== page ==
* Weekly jobless claims fall to near 43-yr low
* Energy stocks gain as oil prices rise
* Airline stocks up after top executives meet Trump
* Indexes up: Dow 0.5 pct, S&P 0.49 pct, Nasdaq 0.45 pct
(Adds details, comments, updates prices)
By Yashaswini Swamynathan
Feb 9 Wall Street's three main indexes hit
record highs on Thursday, amid gains across sectors, led by
financial and energy stocks.
The S&P 500 financial index rose 1.06 percent and
was on track to snap a three-day losing streak after President
Donald Trump said he would make a tax announcement in a few
Oil prices rose 1.3 percent, extending gains to the second
day, supported by an unexpected draw in U.S. gasoline
inventories. The S&P 500 energy sector was up 1.05
Investors have been on the sidelines in the past few weeks,
awaiting more clarity from Trump on his promises of tax cuts,
simpler regulation and higher infrastructure spending.
"The one thing that you can be certain about Trump is that
he is going to be unpredictable," said Chris Gaffney, President
of world markets at EverBank.
"I think this is another 'Trump On' trade day where we're
finally seeing some of the proposed policies being put into
At 11:02 a.m. ET (1602 GMT) the Dow Jones Industrial Average
was up 101.2 points, or 0.5 percent, at 20,155.54, the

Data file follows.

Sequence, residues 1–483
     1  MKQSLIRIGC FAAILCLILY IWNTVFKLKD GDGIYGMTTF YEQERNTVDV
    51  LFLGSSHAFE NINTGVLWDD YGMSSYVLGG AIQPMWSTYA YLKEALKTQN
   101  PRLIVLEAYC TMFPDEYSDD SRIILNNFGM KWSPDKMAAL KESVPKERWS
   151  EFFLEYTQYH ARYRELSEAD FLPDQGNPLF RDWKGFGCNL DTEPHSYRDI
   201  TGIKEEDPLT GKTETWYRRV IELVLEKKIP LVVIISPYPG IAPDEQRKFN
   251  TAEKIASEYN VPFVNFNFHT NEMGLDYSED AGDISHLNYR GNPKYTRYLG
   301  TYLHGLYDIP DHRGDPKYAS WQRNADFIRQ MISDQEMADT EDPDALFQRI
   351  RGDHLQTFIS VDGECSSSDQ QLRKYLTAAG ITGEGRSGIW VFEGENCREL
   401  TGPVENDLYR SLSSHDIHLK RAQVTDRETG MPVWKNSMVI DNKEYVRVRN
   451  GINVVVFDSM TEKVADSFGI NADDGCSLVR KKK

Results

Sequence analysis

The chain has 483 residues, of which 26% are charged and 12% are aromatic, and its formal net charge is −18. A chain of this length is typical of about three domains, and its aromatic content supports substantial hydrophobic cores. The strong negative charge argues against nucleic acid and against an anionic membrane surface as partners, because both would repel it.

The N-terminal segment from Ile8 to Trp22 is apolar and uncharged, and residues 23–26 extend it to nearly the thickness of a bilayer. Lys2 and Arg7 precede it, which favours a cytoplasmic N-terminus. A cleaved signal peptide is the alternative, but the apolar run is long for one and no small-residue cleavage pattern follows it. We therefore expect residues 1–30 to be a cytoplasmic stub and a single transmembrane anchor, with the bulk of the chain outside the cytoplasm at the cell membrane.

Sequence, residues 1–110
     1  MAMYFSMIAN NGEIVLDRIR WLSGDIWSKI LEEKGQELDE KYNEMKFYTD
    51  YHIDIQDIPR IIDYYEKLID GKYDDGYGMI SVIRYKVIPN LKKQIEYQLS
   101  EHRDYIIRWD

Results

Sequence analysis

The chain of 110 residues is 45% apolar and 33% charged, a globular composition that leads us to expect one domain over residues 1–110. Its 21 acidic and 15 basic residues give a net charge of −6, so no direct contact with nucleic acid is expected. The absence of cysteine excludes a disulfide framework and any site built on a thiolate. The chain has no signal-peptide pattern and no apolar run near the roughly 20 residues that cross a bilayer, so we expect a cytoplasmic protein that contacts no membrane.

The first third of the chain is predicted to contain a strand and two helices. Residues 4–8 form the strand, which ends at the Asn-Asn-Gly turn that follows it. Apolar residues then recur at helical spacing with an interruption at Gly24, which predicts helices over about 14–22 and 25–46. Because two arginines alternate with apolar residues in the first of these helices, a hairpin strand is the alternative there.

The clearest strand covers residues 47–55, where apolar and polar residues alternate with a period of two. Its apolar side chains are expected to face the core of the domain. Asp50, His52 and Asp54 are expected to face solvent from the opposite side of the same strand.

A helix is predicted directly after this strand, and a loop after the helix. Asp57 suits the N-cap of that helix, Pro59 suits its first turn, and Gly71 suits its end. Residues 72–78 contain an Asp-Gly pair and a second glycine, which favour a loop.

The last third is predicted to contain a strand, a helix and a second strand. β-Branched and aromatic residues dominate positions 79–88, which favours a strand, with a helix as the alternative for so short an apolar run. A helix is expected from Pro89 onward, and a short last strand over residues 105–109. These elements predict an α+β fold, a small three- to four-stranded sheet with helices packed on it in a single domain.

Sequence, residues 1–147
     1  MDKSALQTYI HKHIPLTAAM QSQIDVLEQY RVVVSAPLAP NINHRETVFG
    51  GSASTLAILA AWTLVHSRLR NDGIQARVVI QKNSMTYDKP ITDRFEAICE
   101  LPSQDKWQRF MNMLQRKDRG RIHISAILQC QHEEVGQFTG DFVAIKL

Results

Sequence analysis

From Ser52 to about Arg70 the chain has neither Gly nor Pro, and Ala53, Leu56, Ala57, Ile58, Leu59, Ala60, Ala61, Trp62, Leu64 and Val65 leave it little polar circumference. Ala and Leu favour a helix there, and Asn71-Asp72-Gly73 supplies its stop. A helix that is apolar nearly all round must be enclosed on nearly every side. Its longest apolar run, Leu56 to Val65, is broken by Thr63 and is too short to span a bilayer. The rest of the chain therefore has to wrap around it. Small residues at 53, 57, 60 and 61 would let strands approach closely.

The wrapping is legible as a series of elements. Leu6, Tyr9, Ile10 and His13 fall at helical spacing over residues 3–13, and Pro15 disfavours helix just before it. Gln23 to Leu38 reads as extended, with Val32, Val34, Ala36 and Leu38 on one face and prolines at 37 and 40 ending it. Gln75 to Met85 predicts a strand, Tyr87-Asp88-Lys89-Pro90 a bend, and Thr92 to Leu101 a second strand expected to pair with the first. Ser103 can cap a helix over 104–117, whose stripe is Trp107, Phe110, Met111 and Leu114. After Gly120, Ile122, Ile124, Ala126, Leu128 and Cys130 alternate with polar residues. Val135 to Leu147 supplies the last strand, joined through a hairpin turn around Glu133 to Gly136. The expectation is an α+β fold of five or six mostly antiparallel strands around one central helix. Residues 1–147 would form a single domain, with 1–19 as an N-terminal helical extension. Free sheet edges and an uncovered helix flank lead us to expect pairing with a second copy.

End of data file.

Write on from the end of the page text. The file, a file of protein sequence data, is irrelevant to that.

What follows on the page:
S&P 500 was up 11.4 points, or 0.49 percent, at 2,306.07
and the Nasdaq Composite was up 25.82 points, or 0.45
percent, at 5,708.27.
Ten of the 11 major S&P sectors were higher. The utilities
sector, which is considered a defensive bet, was down
Viacom was the biggest gainer on the S&P, rising
4.5 percent as its quarterly profit beat analysts' expectations.
Coca-Cola fell 2.1 percent to $41.13 after the
beverage maker forecast a drop in full-year adjusted profit. The
stock was the biggest drag on the Dow and the S&P.
Twitter sank 9.6 percent after the microblogging
website reported its slowest revenue growth since going public
Airline stocks, including JetBlue, Delta
and United Continental rose more than 2 percent after
Trump met with top management of the companies.
A report from the Labor Department showed the number of
Americans filing for unemployment benefits fell to a near
43-year low of 234,000 last week, pointing to tighter labor
Advancing issues outnumbered decliners on the NYSE by 1,959
to 829. On the Nasdaq, 1,907 issues rose and 735 fell.
The S&P 500 index showed 30 new 52-week highs and one new
low, while the Nasdaq recorded 90 new highs and 15 new lows.
(Reporting by Yashaswini Swamynathan in Bengaluru; Editing by